Archive for the ‘military history’ Category

Well, twelve questions really, but the if you have a classroom with sliding chalkboards, as I did, you can hide the last two until you’re ready to reveal them. Currently taking a break at #AHA2015, and decided to take advantage of some down time to get this post out.

This was probably my favorite and most successful lesson from HI301 this past semester. We devote eight lessons to Napoleon and the wars of the French Revolution, and despite what you might think, most students know little about Napoleon beyond the dubious facts that he was “a short French dude” (as any aficionado knows, he wasn’t short, and he wasn’t really French). Thus the sheer volume of battles and wars is like polar bear swimming, and even the best students can have difficulty navigating things. It is at this moment that the approach of the individual instructor becomes extremely important: either you structure classes such that students can work their way to the big picture and big ideas, or you fall back on minutiae such as where each corps commander was in a given battle. Well, except Davout. ALWAYS know where Davout was. Even in 1813…

But I digress. Anyway, this particular lesson came just over half way through the Napoleon block, and my goal was two-fold. First, guide my students through a Socratic chain of reasoning, building the next question on the preceding question, so that they can work through a complex, sweeping argument. Second, and this was the big “reveal” at the end of class, to help them understand, in some measure, why Clausewitz felt that he had to begin with that most basic question, “What is war?”

So, here are the questions that they had to work through:

1. What is the point?

2. What does victory look like?

3. Who is the enemy?

4. Can you defeat the enemy?  …hold that thought for a moment.

5. How *could* you defeat the enemy?

6. Are these ways of defeating the enemy sustainable?

7. Can you break the enemy’s will to resist?

8. Now, can you defeat the enemy?

9. If you can’t, then why are you using military force?

10. Are failures in war failures of policy, strategy, or operations?

And then, the two bonus questions:

11. Or, are they due to the nature of war?

12. What is war?

To break these down somewhat:



The nerves of war are not revolution, but money. Seriously, Cicero’s dictum that “the sinews of war are money” remains accurate. If you doubt it, just read analysis of DoD’s new budget. From an historian’s perspective, I think that we often forget this basic fact when trying to assess military innovation. One of emphasis of my 14th-century research has been that we need to distance ourselves from the phrase “the rise of infantry,” which tells us little and obscures the fact that there were many periods throughout “medieval” history in which infantry was an important or even dominant combat arm. To my mind, Stephen Morillo, in Warfare under the Anglo-Norman Kings, basically wins the argument when he says on page 181 “[M]oney strengthens central authority, strong central authority tends to favor good infantry.”  (I’ve been reading Morillo’s work for a small project I’m trying to wrap up over break.) Now, whether the pursuit of war leads to new ways of accumulating money is still debated. Recent works such as David Parrott’s outstanding The Business of War suggest that the relationship is more complicated that we thought.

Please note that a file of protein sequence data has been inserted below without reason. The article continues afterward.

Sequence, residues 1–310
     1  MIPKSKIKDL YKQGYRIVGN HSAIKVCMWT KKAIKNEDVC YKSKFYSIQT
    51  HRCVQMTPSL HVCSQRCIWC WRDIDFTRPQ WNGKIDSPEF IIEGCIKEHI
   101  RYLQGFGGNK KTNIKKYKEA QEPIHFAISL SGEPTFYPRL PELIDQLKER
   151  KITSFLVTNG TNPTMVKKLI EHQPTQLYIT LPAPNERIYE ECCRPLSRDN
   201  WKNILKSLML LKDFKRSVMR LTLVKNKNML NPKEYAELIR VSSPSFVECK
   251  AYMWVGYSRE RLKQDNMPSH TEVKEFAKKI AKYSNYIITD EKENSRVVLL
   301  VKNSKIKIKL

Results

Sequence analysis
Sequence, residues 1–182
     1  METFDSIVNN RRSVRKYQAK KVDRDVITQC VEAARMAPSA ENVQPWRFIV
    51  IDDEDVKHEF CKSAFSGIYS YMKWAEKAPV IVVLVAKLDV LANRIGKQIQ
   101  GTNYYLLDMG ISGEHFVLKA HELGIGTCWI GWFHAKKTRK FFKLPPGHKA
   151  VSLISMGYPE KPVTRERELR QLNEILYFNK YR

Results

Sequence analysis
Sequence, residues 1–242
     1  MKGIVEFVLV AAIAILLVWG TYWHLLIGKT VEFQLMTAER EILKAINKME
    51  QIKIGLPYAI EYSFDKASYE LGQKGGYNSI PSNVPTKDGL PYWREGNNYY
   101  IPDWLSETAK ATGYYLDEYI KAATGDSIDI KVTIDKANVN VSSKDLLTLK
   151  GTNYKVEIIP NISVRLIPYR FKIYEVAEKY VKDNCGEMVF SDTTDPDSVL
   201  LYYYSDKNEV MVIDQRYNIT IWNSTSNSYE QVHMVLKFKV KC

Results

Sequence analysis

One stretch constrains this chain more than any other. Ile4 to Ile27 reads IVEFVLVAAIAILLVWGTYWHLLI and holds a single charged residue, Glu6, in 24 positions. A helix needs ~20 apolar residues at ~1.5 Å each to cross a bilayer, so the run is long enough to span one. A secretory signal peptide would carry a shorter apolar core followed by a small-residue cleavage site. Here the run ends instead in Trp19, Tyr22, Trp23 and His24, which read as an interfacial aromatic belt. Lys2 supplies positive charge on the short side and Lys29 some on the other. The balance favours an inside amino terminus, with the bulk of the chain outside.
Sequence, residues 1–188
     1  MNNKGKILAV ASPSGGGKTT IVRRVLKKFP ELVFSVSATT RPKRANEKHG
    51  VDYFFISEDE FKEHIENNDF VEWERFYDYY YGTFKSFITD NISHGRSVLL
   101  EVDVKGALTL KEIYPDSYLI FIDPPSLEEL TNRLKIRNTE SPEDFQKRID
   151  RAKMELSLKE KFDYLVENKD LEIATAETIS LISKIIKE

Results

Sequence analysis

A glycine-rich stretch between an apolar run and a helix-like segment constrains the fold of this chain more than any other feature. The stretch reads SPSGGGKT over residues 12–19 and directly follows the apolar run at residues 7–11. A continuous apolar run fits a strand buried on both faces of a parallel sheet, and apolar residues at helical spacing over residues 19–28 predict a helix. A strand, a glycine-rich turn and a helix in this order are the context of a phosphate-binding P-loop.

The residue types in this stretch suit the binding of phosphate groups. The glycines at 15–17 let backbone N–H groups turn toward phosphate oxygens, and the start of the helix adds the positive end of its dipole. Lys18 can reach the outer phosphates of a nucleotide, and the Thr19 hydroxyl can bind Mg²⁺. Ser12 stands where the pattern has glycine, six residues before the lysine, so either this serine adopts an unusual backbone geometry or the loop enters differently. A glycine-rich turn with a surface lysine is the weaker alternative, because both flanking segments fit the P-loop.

Thankfully, I think we have moved past “revolution in military affairs,” discussion of which seems to have dropped off after 2010. Interestingly, there have been a couple important articles this month on the RMA phenomenon, one from the always-interesting War on the Rocks titled “Top 10 Failed Defense Programs of the RMA Era.”  The other is a fascinating review of Krepinevich and Watts’ new biography of Andrew Marshall, director of the Office of Net Assessment and the person largely responsible for introducing the RMA theories that many historians have used in Parzival-like wanderings for the last thirty years. It’s possible we might be seeing a new resurgence of the concept, which I don’t think would be a good thing. Lt. General H. R. McMaster has expounded in multiple venues on the intellectual bear-traps posed by the RMA, and I think the director of ARCIC has been proven right far more often than wrong.

This isn’t to contest Emile Simpson’s recent talk at the IISS, regarding the trends in current and future conflicts. I think in this, as in much else, Simpson’s work is fascinating and on track. But as an historian, I would say that as a general rule it is societies that make war, not militaries. If you want to understand a given conflict, study the societies waging it. Don’t be so focused on bellum that you forget the pecuniam, and by extension the societatem, that keeps the gears of war turning.

After seeing some startling scenes of German fortresses in the 2008 The Red Baron, I developed a curiosity about what the Hindenburg Line, the Siegfriedstellung, really looked like. So, here are a few pictures that turned up after a simple image search.

The line near Arras in 1917:

A bunker, keeping a weary watch over the landscape after everyone has forgotten:

The line, west of Wancourt, March 1917:

And an outpost bunker. The picture is part of a really stunning photo essay on Neuve-Chapelle and Richebourg, which can be found here.

And finally, this little guy, forgotten in the Bourlon Wood for years:

Oh, and before I forget, Operation Michael, the first of the German 1918 Spring offensives, began on March 21.  As of April 1, it is running out of steam, and German attacks are repulsed along the line. See “On This Day” for these kind of updates.